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South East Asian Modern Population Dynamics

South East Asian Modern Population Dynamics - Southeast...

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Southeast Asian Modern Population Dynamics Gayl D. Ness October 2009 Asian Studies 501 Modern Population Dynamics The modern population dynamics of a country or region can reveal a great deal about the challenges it faces, the successes or failures it has had in sustaining human life, and much about its general social organization. 1 The term modern population dynamics implies a specific set of changing population conditions. Those changing conditions include three fundamental and highly interlinked transitions, which define what we now call modernization. Demographic Transition: from high to low birth and death rates; Urban Transition: from rural to urban living for the majority of the population; Industrial Transition: from agriculture to manufacturing and services as the source of wealth and employment. These transitions began in the West after 1700 and by 1950 had completely changed Western 2 nations from rural-agrarian to urban industrial societies. All those transitions are now occurring in the rest of the world, including Southeast Asia. For reasons that are fairly well understood, those transitions in the West moved rather slowly and involved relatively small populations. Today these transitions, especially in Asia and also for reasons that are fairly well understood, are moving much more rapidly and involve much larger populations. For example, the European transitions took some 250 years, and involved a population that went from 120 to 527 million (Ness 1993). Those same transitions will occur in most of Asia in the century from 1950 to 2050 and will involve a population that will grow from 1.4 to 5.2 billion (UN 2004) 3 . From my perspective the demographic transition is a major underlying driving force, thus it will be explained in some detail. As we shall see, this transition implies considerable successes for societies, but it also raises a series of challenges. Moreover, the successes and challenges vary considerably with the speed of the transition. And that speed is very much a result of the type of social system in which it is occurring. It is thus that an examination of the demographic transition can revel a great deal about the broad social conditions of a region or a country. Finally, when that region experiences considerable variance across countries in the speed of the transition, as is certainly the case in 1 . By this I mean the entire social, political, cultural and economic condition of the area. 2 . The entire North Atlantic Community of Europe and North America, plus Australia, New Zealand and Japan, as the only non-western society to make this transition in the first phase 3 . Unless otherwise noted, the demographic data used here are from the basic United Nations source, UN 2004. This provides an excellent set of population data for all countries and regions of the world in 5 year increments from 1950 to 2050.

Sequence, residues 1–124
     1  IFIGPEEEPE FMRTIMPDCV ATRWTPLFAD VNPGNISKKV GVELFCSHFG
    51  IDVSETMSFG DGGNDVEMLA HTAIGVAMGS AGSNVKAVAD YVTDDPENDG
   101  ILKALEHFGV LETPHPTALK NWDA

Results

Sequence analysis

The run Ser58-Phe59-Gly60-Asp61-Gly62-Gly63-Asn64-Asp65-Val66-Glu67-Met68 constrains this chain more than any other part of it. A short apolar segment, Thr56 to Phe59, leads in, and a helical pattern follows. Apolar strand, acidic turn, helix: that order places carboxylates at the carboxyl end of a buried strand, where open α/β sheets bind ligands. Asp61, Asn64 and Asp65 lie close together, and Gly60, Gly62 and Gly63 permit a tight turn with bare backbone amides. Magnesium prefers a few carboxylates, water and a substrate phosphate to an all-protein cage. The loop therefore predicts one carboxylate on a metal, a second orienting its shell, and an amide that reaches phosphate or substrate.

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Southeast Asia, we get an additional insight in social systems from a comparative analysis.
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